• Sticking to the Rules

    The idea that people are either conscious of something or they’re not seems like common sense. However, research into the development of the prefrontal cortex — the area of the brain responsible for executive function — shows that this assumption is not necessarily true.

  • More Than Meets the Eye

    Want someone to like you? Here’s a hint: Crank up the temperature in the room. While most human emotional expressions are communicated via facial expressions and body language, research presented during the symposium “More Than Meets the Eye: Hidden Signals and Social Communication” shows that in addition to verbal and nonverbal visual information, touch, temperature, and olfaction have been found to affect social communication among humans. Body odor is something Denise Chen, Rice University, is very familiar with. No, she doesn’t smell, but she is interested in studying the relationship between chemosensation from body odors and social behavior on both behavioral and neural levels.

  • Inside the Psychologist’s Studio: Linda Bartoshuk

    In a wide-ranging conversation, Linda Bartoshuk, renowned taste researcher now at the University of Florida, shared stories from her life and her rise to scientific prominence at the annual “Inside the Psychologist’s Studio” event at the APS 22nd Annual Convention.

  • Understanding the Interactions Between Emotion and Cognition

    What is the relationship between feeling and thinking — that is, between emotional processes and cognitive processes? How does this relationship affect how we attend to the world and how we govern our impulses? Participants in the symposium “Emotion-Cognition Interactions: Implications for Attentional Processes and Self-Regulation” at the APS 22nd Annual Convention attempted to answer these questions. Greg Hajcak (Stony Brook University) discussed his research involving event-related potentials (ERPs, brain-wave responses measured by electroencephalography) that occur in response to emotionally arousing versus neutral pictures.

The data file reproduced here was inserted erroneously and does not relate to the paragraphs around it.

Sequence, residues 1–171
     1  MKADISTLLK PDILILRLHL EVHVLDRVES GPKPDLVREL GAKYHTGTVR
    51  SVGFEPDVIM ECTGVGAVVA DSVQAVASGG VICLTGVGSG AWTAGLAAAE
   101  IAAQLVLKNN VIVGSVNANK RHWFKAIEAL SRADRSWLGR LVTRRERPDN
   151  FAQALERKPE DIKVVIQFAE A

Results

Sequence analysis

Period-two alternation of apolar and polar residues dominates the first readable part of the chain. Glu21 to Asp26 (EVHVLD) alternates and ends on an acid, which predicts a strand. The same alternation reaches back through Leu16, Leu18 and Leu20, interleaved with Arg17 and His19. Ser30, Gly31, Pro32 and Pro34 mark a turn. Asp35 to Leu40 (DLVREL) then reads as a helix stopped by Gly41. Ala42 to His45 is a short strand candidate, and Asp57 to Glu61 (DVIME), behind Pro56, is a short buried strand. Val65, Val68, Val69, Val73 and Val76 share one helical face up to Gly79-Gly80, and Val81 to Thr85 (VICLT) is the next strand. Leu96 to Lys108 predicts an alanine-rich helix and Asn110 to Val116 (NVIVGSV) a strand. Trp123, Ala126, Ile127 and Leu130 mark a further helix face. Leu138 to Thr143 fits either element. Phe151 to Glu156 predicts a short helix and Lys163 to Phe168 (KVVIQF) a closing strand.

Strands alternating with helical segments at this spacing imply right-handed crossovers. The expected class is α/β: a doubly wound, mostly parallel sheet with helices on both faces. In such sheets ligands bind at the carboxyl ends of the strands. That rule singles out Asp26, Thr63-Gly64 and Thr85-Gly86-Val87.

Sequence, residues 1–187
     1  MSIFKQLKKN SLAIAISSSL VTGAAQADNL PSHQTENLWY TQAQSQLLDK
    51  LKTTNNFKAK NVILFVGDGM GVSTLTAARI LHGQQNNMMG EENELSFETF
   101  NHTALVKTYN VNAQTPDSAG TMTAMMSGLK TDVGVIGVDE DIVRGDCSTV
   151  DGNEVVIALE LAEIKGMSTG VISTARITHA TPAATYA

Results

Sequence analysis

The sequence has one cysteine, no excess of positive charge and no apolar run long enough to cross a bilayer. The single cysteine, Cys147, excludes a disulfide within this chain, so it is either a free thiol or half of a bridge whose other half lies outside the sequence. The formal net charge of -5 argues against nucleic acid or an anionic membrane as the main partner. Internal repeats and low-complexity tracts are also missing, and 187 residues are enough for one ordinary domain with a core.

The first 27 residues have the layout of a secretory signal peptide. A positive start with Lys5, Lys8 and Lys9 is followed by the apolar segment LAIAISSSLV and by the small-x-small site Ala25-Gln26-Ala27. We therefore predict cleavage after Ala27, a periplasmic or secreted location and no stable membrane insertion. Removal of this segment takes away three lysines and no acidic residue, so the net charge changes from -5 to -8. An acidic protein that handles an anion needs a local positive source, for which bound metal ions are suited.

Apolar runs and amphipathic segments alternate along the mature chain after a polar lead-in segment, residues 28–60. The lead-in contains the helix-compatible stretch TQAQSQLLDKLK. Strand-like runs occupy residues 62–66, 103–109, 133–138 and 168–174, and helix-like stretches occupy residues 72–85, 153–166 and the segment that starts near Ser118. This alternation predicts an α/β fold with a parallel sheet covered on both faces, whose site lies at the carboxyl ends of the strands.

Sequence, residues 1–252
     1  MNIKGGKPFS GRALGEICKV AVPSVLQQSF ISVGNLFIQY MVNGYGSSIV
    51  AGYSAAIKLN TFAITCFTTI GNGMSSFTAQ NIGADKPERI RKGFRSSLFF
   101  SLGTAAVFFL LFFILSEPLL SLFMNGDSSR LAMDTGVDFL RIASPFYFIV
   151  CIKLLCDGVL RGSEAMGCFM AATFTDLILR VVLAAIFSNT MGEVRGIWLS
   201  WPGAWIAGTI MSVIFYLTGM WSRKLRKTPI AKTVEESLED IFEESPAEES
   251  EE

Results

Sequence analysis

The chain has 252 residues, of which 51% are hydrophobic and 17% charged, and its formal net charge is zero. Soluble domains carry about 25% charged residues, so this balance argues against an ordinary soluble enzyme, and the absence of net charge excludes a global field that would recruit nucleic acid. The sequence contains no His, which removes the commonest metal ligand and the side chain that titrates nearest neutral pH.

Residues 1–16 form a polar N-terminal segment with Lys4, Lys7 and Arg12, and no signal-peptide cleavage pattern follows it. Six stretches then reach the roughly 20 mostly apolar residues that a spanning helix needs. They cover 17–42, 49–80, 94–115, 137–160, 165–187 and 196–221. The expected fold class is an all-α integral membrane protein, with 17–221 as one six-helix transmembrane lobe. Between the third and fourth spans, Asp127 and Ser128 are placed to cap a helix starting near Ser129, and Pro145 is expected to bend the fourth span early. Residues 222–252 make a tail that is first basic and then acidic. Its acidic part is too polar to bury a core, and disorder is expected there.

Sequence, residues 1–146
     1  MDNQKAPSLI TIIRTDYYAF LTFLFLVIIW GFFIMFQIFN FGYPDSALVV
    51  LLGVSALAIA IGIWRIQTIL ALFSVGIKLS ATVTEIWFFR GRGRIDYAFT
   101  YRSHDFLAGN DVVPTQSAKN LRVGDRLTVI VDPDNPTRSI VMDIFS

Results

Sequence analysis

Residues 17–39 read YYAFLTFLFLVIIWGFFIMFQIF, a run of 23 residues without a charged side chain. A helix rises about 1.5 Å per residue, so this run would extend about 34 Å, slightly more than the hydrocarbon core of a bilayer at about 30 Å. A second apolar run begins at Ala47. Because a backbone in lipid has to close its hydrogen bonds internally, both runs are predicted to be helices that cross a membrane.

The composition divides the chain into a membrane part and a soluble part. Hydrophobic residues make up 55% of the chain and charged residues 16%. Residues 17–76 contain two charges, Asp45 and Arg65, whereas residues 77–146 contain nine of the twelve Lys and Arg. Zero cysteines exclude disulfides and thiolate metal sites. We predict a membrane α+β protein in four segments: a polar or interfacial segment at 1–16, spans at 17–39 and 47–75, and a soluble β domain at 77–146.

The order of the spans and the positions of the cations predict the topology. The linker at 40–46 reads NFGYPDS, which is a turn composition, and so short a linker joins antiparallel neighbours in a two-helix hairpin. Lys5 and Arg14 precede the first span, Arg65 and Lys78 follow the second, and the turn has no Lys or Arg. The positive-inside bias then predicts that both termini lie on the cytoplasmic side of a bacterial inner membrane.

• Aging and Memory: The Glass Is Half Full

    In our youth-obsessed society, we see old age as a disease that deprives us of our physical vigor and mental faculties, reducing us to addled, forgetful creatures living in the past. To some extent, this stereotype is based on a paradox of old age: We can remember things that happened years ago with crystal clarity, but have no idea where we put the car keys a few minutes ago.  In an invited address at the APS 22nd Annual Convention, Lynn Hasher from the University of Toronto presented her laboratory’s groundbreaking research on this paradox.